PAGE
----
A puzzle of stone
The 1st winter ascent of Poincenot, by Andy Kirkpatrick
A cold day turns colder as the weak winter sun sinks below the Patagonian Icecap.
High on Poincenot the panorama is unreal, yet it barely gets a second glance as, absorbed in the complexities of retreat, we give our full attention to a fast descent in order to outrun the approaching storm. Although we've just made the first winter ascent of the 800m Whillans Route, a complex mixed line that spirals up the pillar, we are far from happy. Aside from the approaching weather, we know that it's often now, as the drama draws to a close that bad things happen and, with the storm imminent, there will be no time for cliffhangers.
Each abseil goes smoothly, the rope jamming only twice. On both occasions Jim jumars back up into the darkness to free it. The ground is steep, loose and complex. In the dark none of us are sure about the best line to take, aware that we don't have time for mistakes. When the storm hits retreat could be impossible. Without bivvy gear the only option is to keep on going and head diagonally down. Aiming for the ledge system that will lead us off the West Face. From there it's just a long snow ramp home. There will be no celebrations until we're all back in our snow hole.
One abseil merges into another.
We argue about where we are.
The ground is getting steeper, committing and unfamiliar.
On the move now for 20 hours, our brains are too frazzled to think straight. We continue blindly down. Nick coils the ropes and throws them into the night, Paul holds up the strands and I feed them through my Stitch plate. Jim stands ready to unclip my daisy chain.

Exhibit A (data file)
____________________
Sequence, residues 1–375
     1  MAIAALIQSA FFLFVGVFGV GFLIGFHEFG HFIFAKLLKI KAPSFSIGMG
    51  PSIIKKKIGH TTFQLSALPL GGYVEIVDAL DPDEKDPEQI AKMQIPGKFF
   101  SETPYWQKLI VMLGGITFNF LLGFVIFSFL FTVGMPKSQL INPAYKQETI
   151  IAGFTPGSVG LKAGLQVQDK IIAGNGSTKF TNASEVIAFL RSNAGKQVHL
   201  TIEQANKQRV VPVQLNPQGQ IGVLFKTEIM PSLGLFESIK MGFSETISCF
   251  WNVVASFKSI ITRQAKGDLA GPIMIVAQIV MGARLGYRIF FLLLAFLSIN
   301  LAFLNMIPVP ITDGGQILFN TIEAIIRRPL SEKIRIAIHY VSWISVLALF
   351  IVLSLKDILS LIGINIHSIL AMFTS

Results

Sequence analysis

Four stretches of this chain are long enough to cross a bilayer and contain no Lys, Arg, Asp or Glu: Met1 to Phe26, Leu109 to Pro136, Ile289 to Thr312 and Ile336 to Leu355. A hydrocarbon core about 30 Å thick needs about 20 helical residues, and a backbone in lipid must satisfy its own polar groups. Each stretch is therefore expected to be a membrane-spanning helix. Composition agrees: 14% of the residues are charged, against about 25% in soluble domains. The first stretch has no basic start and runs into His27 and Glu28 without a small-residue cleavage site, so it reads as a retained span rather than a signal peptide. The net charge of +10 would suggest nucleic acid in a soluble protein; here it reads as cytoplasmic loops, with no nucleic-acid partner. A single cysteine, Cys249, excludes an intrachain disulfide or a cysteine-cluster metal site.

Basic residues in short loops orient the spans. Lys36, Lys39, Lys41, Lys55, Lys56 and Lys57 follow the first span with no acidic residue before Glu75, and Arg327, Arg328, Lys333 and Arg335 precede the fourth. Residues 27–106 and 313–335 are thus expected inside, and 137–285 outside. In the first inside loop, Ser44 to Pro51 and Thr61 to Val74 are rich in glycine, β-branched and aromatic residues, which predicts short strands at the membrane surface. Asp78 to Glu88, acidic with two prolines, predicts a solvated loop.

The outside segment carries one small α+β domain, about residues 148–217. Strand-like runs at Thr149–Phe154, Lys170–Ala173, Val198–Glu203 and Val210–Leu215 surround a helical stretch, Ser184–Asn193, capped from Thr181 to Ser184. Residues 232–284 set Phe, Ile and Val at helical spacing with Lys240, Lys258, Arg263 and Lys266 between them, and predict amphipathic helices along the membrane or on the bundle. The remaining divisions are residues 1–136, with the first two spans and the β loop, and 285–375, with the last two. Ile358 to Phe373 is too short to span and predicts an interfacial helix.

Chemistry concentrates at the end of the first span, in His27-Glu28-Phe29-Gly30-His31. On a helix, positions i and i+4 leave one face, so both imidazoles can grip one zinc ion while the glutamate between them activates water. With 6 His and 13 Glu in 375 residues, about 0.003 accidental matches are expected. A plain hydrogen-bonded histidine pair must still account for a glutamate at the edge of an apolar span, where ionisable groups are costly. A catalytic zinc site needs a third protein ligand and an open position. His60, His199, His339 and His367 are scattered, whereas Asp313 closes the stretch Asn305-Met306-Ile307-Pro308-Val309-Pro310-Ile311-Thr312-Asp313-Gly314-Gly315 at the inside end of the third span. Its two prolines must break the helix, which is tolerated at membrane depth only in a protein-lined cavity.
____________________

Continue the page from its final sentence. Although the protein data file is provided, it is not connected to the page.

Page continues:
"Okay Jim, I'm off."
Walking backwards, I feel more like a deep-sea diver than a climber as I step off the ledge and descend into the darkness. With feet barely touching the wall, I go slowly, anxious not to miss the next anchor. Sixty metres; alarm bells start ringing. I scratch backward~ and forwards across the wall searching for gear, crampons grating, the rope's stopper knots jammed tight against my belay plate. The numb beam of light from my headtorch creeps across the wall in front of me, searching for the next anchor. There has to be one.
The mercury has been absent from my cheap thermometer all day, yet suddenly I feel hot and panicky inside my thick winter layers, my heart is full of fear. Perhaps this will be the price we'll pay for trusting luck over judgment. Please let me be wrong. We're committed to this line of descent. I'm sure there's no way back. There has to be an anchor here somewhere and below it, in the darkness, the traverse line.
I swing back dejected, turn off my torch, and wait for my eyes to become accustomed to the darkness. I begin to make out the silhouette of the face below. I hear the wind whip up the wall below, heralding the arrival of the storm we've been expecting all day.
Whillans said the wind was like a giant slapping the rock with a wet towel, but in the blackness it sounds more like death rolling in.
With eyelids sticky with cold, I push away from the wall and look into the void. To my horror all I see beyond the flapping ends of rope is a vast dark wall, a curtain of granite, the glacier lapping at its base a thousand metres below. I hang alone in the dark, swaying in the wind. We might as well be retreating from the edge of the world.